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Phytoparasitica
Afek, U.
Orenstein, J.
Nuriel, E., Dept. of Postharvest Science of Fresh Produce, ARO, Gilat Experiment Station, M.P. Negev 2, 85280, Israel
The predominant sweet potato [Ipomoea batatas (L.) Lam] variety grown in Israel, 'Georgia Jet', is hard to store for longer than 1 month because of its low dry matter content (16%). Curing processing is a common pre-storage treatment for sweet potatoes to prevent decay. Although an effective disease preventative in other varieties, it was not effective with Georgia Jet. In experiments conducted during 1995-97 it was proven possible to store var. Georgia Jet for 5 months by means of disinfecting the roots with iprodione in conjunction with the curing procedure. At the end of the storage period, 14% of the roots had decayed following this combined treatment (Exp. 1): 9% suffered soft decay and had to be discarded, and 5% had dry decay, which left them suitable for the local market. Compared with these figures, decay levels following single treatments were 61% with curing, 60% with iprodione and 100% in the control group. Three methods of iprodione application were also tested (Exp. 2): dipping, spraying, and 'Tabor' Atomizing System fogging which produces an extremely fine mist (droplet size < 10 μ). The fogging method proved to be the most effective, with 4% dry decay and 6% soft decay after 5 months of storage.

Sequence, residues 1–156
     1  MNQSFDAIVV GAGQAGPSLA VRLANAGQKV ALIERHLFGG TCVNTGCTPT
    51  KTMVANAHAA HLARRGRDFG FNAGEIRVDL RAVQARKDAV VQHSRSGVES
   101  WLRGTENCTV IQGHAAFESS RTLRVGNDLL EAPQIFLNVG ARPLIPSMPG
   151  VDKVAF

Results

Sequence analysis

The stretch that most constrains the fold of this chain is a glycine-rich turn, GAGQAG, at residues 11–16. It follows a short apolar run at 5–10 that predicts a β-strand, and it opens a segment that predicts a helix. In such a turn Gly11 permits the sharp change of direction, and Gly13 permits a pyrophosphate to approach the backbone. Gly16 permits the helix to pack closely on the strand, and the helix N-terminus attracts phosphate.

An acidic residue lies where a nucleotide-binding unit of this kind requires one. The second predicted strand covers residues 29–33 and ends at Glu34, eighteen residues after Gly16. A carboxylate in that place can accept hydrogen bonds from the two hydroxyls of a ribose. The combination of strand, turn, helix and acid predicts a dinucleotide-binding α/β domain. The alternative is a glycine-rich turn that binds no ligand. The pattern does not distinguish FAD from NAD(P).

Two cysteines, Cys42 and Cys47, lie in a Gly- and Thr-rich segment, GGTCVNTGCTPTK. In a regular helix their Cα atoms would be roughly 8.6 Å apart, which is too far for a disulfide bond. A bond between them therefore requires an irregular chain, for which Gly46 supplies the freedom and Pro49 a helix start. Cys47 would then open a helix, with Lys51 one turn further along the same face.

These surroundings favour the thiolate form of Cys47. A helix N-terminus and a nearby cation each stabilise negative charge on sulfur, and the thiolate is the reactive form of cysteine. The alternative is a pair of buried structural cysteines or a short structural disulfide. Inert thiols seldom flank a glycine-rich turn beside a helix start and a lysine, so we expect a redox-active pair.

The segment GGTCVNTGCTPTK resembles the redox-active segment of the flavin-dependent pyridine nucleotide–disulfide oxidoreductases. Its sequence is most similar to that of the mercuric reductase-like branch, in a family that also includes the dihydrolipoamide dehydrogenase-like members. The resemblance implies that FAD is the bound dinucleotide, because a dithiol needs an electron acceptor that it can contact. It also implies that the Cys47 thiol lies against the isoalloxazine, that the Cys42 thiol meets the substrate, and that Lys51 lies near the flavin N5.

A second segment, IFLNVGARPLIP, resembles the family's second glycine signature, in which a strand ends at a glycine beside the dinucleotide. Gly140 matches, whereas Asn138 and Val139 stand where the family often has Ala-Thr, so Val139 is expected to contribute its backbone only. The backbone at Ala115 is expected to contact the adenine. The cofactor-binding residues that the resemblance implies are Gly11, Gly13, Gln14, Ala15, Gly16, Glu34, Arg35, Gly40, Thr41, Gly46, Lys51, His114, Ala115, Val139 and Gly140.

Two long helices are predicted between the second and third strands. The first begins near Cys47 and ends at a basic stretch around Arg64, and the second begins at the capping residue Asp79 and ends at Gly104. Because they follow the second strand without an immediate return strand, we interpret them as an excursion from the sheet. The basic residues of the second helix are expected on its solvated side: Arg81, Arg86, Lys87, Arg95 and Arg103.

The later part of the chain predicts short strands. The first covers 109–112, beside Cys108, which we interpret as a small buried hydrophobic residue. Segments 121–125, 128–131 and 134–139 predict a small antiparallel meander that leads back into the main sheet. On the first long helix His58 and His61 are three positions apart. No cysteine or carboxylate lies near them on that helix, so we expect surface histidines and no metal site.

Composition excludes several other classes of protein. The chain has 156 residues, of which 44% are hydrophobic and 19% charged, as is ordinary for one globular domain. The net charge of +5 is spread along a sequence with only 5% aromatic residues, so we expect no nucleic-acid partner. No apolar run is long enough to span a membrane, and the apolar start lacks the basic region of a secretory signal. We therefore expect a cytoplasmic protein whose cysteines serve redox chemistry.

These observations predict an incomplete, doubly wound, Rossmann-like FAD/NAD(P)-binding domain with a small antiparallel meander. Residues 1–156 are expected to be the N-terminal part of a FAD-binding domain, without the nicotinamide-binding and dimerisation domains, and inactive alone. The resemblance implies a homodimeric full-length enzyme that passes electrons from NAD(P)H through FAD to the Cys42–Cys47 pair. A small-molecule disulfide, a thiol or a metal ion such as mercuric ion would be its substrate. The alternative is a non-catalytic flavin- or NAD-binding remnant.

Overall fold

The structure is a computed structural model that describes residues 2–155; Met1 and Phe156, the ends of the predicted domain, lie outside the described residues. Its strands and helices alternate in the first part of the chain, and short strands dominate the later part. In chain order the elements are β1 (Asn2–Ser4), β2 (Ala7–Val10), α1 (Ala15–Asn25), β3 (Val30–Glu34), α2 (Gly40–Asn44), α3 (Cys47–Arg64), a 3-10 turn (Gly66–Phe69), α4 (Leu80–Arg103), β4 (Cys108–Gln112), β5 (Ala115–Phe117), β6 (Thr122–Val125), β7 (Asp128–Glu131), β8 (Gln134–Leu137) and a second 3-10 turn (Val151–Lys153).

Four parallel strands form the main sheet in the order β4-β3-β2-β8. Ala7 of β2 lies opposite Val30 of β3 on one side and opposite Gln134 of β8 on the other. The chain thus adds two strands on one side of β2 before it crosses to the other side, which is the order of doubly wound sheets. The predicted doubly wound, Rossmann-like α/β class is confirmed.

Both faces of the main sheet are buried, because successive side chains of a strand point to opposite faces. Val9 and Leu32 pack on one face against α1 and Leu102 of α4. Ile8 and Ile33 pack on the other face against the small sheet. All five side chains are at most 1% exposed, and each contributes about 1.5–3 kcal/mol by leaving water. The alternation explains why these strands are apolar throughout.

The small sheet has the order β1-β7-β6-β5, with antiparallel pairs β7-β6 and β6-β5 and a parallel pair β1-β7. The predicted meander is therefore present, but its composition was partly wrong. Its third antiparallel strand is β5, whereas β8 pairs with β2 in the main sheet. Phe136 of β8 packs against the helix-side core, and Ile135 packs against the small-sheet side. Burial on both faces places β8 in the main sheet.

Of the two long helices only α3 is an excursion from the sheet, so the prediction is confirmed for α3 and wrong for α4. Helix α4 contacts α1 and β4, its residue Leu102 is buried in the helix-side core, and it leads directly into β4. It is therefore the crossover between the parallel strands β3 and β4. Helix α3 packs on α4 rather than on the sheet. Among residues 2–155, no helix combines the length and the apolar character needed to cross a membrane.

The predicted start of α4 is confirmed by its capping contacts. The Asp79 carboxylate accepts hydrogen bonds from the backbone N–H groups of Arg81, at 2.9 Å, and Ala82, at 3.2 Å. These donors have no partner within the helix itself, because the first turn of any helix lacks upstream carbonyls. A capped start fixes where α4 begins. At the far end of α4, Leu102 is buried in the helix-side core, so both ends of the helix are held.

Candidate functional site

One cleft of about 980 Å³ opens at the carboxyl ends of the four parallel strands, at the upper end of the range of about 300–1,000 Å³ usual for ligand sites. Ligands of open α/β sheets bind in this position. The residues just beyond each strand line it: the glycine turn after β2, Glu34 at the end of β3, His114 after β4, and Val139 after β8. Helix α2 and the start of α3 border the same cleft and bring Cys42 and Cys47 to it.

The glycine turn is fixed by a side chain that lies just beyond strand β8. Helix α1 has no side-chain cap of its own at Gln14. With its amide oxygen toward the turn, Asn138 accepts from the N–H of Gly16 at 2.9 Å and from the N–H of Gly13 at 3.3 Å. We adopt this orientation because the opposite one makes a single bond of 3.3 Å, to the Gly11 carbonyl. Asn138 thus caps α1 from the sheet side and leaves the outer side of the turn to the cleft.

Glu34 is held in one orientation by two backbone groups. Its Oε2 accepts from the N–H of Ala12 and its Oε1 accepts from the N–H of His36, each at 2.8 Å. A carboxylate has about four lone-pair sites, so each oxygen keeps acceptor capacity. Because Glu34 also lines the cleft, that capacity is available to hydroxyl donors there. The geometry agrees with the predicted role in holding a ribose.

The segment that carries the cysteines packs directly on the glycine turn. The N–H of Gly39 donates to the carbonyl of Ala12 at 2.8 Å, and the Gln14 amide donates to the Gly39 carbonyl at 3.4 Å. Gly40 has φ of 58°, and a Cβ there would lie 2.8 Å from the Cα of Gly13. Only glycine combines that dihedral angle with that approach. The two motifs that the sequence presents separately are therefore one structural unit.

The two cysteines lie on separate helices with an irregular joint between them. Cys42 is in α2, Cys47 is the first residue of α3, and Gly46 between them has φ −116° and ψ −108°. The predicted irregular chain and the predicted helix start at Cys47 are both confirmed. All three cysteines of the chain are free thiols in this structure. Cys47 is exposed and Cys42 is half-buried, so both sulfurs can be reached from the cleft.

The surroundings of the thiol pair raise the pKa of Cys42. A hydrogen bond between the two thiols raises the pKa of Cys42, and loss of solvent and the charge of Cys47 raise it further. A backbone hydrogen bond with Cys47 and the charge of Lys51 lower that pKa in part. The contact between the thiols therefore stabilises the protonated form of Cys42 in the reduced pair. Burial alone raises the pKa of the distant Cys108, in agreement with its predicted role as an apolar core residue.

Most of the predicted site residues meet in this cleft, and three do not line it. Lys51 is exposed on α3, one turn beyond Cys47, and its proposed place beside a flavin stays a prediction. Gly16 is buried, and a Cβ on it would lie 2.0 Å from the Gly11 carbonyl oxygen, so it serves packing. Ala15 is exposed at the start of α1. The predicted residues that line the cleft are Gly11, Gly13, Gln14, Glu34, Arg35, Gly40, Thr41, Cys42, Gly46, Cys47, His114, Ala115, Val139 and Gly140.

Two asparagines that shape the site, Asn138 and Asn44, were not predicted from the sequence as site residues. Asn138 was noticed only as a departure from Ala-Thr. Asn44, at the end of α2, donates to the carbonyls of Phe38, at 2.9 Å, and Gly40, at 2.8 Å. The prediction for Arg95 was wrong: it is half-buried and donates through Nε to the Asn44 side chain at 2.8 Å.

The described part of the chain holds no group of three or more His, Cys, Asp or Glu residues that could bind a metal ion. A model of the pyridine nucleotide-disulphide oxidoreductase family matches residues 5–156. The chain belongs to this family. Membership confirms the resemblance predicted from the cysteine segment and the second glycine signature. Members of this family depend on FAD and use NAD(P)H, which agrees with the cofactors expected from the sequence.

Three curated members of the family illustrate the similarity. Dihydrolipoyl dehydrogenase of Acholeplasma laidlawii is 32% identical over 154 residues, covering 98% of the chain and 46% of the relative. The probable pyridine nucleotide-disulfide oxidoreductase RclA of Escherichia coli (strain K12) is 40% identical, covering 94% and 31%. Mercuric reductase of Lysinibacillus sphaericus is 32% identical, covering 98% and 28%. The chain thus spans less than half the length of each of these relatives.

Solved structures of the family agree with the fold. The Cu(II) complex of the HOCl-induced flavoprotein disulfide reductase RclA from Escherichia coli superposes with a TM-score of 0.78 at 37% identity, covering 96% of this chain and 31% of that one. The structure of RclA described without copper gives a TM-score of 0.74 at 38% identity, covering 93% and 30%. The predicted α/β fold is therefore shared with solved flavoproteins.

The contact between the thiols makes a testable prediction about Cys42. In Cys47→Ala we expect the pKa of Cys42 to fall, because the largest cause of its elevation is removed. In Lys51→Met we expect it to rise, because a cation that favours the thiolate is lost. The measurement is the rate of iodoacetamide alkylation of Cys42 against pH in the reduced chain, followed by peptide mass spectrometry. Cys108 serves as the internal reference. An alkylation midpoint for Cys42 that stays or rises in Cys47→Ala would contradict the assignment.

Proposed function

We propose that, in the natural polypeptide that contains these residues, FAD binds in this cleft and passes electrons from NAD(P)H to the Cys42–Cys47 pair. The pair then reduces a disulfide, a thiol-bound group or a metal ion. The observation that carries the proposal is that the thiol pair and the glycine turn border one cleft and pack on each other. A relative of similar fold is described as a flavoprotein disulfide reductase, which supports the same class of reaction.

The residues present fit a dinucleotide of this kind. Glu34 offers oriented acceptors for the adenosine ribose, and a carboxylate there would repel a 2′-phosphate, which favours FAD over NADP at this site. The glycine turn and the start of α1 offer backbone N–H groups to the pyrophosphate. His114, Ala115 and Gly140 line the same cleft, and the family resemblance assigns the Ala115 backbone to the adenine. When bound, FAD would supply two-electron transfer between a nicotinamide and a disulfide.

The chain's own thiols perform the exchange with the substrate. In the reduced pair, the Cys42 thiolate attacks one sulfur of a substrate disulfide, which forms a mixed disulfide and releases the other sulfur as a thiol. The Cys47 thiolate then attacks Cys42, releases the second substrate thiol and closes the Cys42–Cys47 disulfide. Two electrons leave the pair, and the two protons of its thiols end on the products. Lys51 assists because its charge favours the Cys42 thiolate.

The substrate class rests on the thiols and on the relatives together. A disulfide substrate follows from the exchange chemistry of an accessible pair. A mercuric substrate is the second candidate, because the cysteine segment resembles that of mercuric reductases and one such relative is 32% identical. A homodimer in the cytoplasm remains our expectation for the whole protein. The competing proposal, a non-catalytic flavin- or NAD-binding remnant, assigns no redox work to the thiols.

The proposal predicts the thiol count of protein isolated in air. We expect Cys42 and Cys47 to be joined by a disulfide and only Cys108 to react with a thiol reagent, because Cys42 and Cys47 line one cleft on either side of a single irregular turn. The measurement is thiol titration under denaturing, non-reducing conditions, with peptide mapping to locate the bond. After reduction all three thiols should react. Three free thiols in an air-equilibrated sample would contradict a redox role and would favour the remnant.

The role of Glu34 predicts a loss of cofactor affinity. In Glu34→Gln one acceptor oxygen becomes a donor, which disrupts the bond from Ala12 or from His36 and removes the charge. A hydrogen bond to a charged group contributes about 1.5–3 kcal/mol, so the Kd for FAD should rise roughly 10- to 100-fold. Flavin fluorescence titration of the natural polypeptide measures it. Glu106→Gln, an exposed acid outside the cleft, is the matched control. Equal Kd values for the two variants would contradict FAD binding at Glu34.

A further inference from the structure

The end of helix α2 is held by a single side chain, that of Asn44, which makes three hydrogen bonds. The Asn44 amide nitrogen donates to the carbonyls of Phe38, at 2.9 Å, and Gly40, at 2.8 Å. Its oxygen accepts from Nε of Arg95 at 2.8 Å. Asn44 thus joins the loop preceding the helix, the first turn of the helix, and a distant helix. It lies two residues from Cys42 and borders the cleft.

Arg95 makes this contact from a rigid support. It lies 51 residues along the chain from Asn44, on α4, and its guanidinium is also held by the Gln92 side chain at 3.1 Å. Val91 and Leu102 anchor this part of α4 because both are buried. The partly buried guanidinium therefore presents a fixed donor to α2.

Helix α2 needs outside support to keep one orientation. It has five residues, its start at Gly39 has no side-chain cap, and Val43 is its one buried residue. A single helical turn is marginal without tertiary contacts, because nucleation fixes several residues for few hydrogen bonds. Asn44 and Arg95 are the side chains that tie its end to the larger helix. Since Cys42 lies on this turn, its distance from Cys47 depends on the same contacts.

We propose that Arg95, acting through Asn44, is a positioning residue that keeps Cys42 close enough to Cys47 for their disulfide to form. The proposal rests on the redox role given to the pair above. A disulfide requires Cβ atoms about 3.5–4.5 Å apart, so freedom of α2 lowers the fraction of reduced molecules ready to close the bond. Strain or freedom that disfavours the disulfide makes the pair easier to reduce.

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הספר "אוצר וולקני"
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תנאי שימוש
Increased quality and prolonged storage of sweet potatoes in Israel
26
Afek, U.
Orenstein, J.
Nuriel, E., Dept. of Postharvest Science of Fresh Produce, ARO, Gilat Experiment Station, M.P. Negev 2, 85280, Israel
Increased quality and prolonged storage of sweet potatoes in Israel
The predominant sweet potato [Ipomoea batatas (L.) Lam] variety grown in Israel, 'Georgia Jet', is hard to store for longer than 1 month because of its low dry matter content (16%). Curing processing is a common pre-storage treatment for sweet potatoes to prevent decay. Although an effective disease preventative in other varieties, it was not effective with Georgia Jet. In experiments conducted during 1995-97 it was proven possible to store var. Georgia Jet for 5 months by means of disinfecting the roots with iprodione in conjunction with the curing procedure. At the end of the storage period, 14% of the roots had decayed following this combined treatment (Exp. 1): 9% suffered soft decay and had to be discarded, and 5% had dry decay, which left them suitable for the local market. Compared with these figures, decay levels following single treatments were 61% with curing, 60% with iprodione and 100% in the control group. Three methods of iprodione application were also tested (Exp. 2): dipping, spraying, and 'Tabor' Atomizing System fogging which produces an extremely fine mist (droplet size < 10 μ). The fogging method proved to be the most effective, with 4% dry decay and 6% soft decay after 5 months of storage.
Scientific Publication
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